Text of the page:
There was the detailed explanations about the rule book, and stories about the game he covered so well when writing for the Associated Press and other publications. When we had a question, Bill Shannon was the one who had the answer.

But you had to be prepared for an extensive explanation.  You asked one question and there was more to come. Enough to write a book, some he wrote so well including “The Ballparks” about the history of Major League ballparks. Versatile also in other sports, he assisted with statistics at New York Jets football home games, at his alma mater, Columbia University, and editing “The Official Encyclopedia of Tennis” for the United States Tennis Association.

Recall when this reporter was a rookie in that same year of 1980 with Howie Karpin. One of the first to say hello in the press rooms at Yankee and Shea Stadiums was Bill Shannon. “Welcome,” he would say with that voice of authority and sincerity.

And he would always be the first to say hello when passing through a crowded press box with a Pepsi cup in his hand. He knew the rules when it came to a potential postponement of a game, and was good for conversation to pass time until they took the tarp off and resumed play. Always receptive to explain a rule after a controversial play and loved being around his extended family of friends who cover the game of baseball from April until late October.

In essence, Shannon was as an official scorer for Major League Baseball and an ambassador to all of us in the press box.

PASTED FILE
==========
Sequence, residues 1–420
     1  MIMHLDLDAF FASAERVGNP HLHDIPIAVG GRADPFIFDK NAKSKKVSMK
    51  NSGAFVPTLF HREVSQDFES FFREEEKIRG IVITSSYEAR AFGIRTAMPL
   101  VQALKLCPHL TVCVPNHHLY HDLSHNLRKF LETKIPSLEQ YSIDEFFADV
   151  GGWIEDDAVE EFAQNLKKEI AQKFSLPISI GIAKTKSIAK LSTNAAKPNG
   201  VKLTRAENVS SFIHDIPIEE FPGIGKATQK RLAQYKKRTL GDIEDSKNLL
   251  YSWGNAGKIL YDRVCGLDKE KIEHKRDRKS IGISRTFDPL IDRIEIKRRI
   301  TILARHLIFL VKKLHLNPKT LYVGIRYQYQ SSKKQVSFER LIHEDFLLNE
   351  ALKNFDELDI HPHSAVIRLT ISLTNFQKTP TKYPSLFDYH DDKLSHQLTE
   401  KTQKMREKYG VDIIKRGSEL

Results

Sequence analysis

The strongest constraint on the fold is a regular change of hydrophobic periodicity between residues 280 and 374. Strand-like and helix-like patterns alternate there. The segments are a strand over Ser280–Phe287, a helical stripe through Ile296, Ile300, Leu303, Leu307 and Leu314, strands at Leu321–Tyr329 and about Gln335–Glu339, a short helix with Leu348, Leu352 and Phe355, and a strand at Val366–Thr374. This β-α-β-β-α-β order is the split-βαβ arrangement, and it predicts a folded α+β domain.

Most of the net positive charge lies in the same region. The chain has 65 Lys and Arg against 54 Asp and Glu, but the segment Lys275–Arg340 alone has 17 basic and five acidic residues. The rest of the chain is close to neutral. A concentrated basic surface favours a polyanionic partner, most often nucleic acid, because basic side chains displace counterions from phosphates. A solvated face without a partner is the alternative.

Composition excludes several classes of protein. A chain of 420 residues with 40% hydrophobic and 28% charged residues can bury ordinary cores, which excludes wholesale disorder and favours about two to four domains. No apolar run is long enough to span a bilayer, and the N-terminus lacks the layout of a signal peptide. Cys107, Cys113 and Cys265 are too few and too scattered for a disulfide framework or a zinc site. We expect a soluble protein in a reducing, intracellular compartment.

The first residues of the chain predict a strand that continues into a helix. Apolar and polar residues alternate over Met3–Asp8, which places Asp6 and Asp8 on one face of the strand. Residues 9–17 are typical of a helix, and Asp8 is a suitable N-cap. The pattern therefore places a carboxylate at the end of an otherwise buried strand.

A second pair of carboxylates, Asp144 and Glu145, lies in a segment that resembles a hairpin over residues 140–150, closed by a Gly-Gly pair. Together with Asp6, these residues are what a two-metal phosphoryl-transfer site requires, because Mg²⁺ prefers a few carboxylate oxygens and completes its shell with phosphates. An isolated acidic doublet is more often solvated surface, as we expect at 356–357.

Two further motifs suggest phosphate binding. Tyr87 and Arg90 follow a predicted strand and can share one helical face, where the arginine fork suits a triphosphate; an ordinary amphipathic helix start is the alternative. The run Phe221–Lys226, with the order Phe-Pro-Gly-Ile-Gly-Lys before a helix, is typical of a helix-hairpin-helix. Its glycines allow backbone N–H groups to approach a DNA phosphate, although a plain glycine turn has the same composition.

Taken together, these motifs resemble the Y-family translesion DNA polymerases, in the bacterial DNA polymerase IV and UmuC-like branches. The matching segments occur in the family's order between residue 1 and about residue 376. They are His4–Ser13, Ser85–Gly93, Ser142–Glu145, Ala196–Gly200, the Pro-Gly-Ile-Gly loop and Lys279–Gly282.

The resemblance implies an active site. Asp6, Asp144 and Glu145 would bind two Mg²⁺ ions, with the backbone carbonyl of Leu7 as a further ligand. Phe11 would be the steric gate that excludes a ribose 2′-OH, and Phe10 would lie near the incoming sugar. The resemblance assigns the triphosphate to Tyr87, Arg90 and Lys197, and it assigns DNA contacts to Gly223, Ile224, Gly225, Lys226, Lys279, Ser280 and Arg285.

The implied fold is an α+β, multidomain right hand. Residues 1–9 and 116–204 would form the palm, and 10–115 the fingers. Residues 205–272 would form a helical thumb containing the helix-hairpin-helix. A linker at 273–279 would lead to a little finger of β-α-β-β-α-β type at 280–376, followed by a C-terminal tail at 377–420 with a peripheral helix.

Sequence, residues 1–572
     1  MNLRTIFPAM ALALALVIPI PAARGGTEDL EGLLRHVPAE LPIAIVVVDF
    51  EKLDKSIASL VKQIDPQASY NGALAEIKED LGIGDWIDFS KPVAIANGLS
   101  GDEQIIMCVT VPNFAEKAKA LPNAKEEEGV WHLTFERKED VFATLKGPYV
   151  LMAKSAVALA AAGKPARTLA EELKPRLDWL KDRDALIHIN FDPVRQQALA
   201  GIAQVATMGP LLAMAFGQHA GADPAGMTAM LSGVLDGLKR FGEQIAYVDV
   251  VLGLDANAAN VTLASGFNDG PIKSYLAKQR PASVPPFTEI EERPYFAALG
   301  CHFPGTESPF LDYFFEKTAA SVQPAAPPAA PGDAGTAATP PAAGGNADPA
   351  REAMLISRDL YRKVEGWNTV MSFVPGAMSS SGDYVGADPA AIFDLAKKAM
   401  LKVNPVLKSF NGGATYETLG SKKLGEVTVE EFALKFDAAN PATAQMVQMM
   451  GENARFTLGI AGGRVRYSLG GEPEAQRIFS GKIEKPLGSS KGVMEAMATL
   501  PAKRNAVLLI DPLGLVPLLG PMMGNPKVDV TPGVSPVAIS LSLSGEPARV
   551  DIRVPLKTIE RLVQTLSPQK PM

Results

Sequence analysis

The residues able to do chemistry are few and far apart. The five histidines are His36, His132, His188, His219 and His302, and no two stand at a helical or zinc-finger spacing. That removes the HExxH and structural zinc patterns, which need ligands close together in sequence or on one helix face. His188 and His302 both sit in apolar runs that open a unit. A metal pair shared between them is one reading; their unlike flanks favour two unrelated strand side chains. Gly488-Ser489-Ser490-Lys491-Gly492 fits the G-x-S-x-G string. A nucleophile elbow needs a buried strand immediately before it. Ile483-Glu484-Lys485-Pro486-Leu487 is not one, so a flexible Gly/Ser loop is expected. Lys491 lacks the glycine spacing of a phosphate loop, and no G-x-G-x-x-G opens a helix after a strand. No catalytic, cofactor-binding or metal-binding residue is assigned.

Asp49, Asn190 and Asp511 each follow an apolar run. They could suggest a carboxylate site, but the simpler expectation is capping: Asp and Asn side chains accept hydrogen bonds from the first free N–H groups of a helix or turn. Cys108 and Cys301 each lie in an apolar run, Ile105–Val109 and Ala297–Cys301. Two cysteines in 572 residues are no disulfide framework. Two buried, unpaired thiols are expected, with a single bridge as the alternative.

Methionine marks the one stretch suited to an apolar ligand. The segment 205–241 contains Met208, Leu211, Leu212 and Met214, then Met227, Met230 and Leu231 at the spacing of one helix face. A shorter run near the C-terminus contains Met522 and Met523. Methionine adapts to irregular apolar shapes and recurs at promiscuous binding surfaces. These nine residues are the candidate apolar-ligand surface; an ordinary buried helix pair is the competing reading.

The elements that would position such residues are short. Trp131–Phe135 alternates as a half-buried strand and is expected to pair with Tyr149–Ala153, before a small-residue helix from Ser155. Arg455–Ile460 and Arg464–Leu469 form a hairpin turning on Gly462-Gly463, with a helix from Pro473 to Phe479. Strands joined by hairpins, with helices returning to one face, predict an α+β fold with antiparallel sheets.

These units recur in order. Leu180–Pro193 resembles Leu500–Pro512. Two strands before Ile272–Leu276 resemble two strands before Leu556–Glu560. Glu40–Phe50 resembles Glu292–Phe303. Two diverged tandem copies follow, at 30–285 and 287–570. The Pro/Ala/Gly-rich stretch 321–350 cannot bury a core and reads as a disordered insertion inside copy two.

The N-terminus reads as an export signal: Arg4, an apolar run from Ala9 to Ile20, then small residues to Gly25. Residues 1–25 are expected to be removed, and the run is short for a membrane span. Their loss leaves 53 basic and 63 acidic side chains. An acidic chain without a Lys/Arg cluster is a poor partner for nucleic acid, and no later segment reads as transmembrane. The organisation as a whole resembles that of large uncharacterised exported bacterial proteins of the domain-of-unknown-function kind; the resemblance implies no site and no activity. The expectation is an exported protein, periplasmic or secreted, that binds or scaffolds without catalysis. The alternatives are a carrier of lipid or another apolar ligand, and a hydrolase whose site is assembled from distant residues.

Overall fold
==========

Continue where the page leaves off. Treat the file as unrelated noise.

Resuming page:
That unique style of reading the pitching line that could be imitated but never duplicated. He gave the pitching line numbers and the unique pause, “and…twooo strikeouts” at the end of the line. You heard that the first time and wanted to hear it again for the other starting pitcher, and those who came out of the pen.

Karpin will always have his mentor looking down on him, and surly the Yankees and Mets will pay tribute to Shannon who was truly the dean of official scorers in New York.

There would always be the conversation. “Bill, you will die at the ballpark,” because he missed very few games during the course of a New York baseball season.  We never expected to hear that it would end the way it did on Tuesday at his home in New Jersey.

And something says on next opening day in the Bronx, when the pitching lines are read and when the final lines are read, someone will try and duplicate what Shannon always did.

It will be a deserving tribute as we try and comprehend why Bill Shannon is no longer scoring games in the press box. And one thing is certain. He left the scoring seat in good hands with guys like Karpin and a few others.

God Bless You always my friend!

e-mail Rich Mancuso: [email protected]

About the Author

Rich Mancuso

Rich Mancuso is a regular contributor at NY Sports Day, covering countless New York Mets, Yankees, and MLB teams along with some of the greatest boxing matches over the years. He is an award winning sports journalist and previously worked for The Associated Press, New York Daily News, Gannett, and, in a career that spans almost 40 years.